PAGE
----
Interference between photons that never meet

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SF

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The pantheon of impossible photon tricks grows ever larger. Today, a new addition from Andrew Shields and pals at Toshiba Research Europe in Cambridge, UK:

“We report an experiment in which two-photon interference occurs between degenerate single photons that never meet. The two photons travel in opposite directions through our fibre-optic interferometer and interference occurs when the photons reach two different, spatially separated, 2-by-2 couplers at the same time.”

Cool!

http://arxivblog.com/?p=365
http://arxiv.org/abs/0709.0847
 

Answers and Replies

Correct me if I'm wrong, but if photons had the ability to observe the world, since they move at the speed of light, everything would be a singularity, since 'time' to them is nonexistant? Ie space to them is nonexistant because they can 'move' instantaneously from point A to point B, according to their own observations, which obviously conflicts with ours.

So is it so unpredictable to observe photons interfering with each other, when the only seperation is space which to them doesn't exist in the first place?

If my rambling makes no sense whatsoever, I apologize... I'm only 16, not an expert.
 
ZapperZ
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Correct me if I'm wrong, but if photons had the ability to observe the world, since they move at the speed of light, everything would be a singularity, since 'time' to them is nonexistant? Ie space to them is nonexistant because they can 'move' instantaneously from point A to point B, according to their own observations, which obviously conflicts with ours.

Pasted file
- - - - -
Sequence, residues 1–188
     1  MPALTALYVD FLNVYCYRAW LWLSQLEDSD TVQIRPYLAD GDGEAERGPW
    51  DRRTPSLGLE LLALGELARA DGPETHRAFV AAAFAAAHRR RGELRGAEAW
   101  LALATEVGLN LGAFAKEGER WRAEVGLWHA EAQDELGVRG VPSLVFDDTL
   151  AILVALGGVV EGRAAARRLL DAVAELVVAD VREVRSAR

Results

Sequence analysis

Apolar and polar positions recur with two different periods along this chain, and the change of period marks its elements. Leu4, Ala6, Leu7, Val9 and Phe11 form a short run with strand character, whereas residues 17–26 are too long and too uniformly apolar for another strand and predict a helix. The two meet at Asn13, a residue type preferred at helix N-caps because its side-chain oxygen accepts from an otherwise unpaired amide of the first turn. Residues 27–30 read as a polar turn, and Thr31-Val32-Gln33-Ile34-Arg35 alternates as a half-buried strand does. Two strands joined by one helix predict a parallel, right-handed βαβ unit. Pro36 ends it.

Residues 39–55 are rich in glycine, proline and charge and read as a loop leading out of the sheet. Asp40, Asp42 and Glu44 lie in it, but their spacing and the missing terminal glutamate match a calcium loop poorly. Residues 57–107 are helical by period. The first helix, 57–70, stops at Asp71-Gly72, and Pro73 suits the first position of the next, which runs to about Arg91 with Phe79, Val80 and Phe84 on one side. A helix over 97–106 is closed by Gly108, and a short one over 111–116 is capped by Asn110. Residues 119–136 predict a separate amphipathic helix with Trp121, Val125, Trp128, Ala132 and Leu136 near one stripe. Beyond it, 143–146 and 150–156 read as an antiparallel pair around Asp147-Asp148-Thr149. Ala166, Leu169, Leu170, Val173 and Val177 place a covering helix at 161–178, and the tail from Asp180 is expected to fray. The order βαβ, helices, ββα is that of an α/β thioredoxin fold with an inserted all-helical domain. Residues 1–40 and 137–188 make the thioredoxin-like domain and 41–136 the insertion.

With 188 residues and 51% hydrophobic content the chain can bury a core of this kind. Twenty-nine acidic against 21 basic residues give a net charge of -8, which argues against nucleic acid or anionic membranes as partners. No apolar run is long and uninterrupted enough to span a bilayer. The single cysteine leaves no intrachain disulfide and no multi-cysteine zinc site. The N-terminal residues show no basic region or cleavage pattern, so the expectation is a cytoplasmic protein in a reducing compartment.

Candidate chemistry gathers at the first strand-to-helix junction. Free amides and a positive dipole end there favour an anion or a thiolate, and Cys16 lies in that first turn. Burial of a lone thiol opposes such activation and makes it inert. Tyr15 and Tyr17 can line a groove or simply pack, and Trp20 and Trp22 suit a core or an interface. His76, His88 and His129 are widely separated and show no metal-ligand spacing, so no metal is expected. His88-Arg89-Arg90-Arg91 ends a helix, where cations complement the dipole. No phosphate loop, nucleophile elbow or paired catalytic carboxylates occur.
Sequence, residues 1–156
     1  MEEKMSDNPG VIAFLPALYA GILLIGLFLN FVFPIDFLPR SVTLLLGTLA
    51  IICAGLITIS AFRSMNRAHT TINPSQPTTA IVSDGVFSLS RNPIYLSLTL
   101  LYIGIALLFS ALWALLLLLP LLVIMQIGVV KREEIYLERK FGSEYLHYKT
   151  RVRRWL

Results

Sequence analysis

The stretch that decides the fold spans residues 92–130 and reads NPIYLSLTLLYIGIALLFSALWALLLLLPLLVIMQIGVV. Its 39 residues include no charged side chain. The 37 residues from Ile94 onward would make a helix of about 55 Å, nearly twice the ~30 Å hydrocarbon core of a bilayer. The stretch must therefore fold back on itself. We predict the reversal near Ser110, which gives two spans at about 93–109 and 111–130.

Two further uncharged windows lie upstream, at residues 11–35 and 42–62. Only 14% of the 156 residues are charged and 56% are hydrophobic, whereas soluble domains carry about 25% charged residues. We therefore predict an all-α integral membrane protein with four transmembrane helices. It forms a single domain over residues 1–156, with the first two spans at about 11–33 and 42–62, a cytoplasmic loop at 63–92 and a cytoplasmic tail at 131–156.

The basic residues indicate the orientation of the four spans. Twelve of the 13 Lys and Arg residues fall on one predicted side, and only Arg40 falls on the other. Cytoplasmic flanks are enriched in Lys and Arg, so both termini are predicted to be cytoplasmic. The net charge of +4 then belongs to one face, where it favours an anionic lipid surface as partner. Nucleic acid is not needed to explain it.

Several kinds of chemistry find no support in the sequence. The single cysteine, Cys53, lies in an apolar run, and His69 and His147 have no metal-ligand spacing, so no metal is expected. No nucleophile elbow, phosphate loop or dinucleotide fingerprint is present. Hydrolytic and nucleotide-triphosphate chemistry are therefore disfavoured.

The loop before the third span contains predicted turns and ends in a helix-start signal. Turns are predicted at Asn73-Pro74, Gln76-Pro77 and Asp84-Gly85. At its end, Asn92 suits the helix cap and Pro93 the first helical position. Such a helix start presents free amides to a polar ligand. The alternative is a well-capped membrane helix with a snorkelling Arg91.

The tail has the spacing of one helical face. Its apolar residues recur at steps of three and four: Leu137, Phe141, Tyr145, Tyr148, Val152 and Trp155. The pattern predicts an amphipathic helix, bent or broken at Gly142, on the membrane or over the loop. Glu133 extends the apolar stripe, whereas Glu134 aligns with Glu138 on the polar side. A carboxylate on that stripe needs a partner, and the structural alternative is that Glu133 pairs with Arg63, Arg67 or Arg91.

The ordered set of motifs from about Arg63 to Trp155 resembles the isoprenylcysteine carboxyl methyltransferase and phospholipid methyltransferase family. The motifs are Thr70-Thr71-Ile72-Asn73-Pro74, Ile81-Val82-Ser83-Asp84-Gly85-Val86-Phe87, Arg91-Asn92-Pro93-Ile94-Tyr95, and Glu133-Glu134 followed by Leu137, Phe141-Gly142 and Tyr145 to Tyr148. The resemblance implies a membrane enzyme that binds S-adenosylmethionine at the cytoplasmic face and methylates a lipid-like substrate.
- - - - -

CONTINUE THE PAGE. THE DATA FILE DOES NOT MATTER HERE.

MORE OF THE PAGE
So is it so unpredictable to observe photons interfering with each other, when the only seperation is space which to them doesn't exist in the first place?

If my rambling makes no sense whatsoever, I apologize... I'm only 16, not an expert.
You need to read through the Relativity forum here to see the validity of your transformation into the photon reference frame.

Zz.
 
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Does this destroy Bohmian mechanics?
 
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This is somewhat similar to a suggestion I had which was to arrange a hundred double slits and send one photon through at a time and see if an interference pattern emerged when the 100 images were superimposed. Not a very practical experiment but this tests the same idea, and confirms once agan that the QM predictions are right.
 
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Hey guys, My name is Raj, I'm actually a student @ toshiba and Anthony Bennett and Andrew Shields are my supervisors. We have a couple of papers soon to be published in APL and PRL ( see http://arxiv.org/abs/0803.3700 and http://arxiv.org/abs/0804.1897)

The experiment that anthony performed was first carried out using photons from parametric downconversion by Franson (John Hopkins). When we talk-about two-photon interference we're not talking about a "physical" interference but rather cancellation of probability amplitudes.
 
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This is somewhat similar to a suggestion I had which was to arrange a hundred double slits and send one photon through at a time and see if an interference pattern emerged when the 100 images were superimposed. Not a very practical experiment but this tests the same idea, and confirms once agan that the QM predictions are right.
This certainly does not destroy Bohmian mechanics. Why do you think that the experiment reported by SF could destroy it?
 
Hans de Vries
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Hey guys, My name is Raj, I'm actually a student @ toshiba and Anthony Bennett and Andrew Shields are my supervisors. We have a couple of papers soon to be published in APL and PRL ( see http://arxiv.org/abs/0803.3700 and http://arxiv.org/abs/0804.1897)
Thank you for posting the links Raj.

This certainly does not destroy Bohmian mechanics.

I do agree. Actually, scanning through the paper, the interference is what one would expect
from classical electromagnetics. The EM fields of both photons split in both directions and
always interfere. The actual "clicks" (the detections) are however unitary (only one click
per photon at one place) as predicted by quantum mechanics.


Regards, Hans
 
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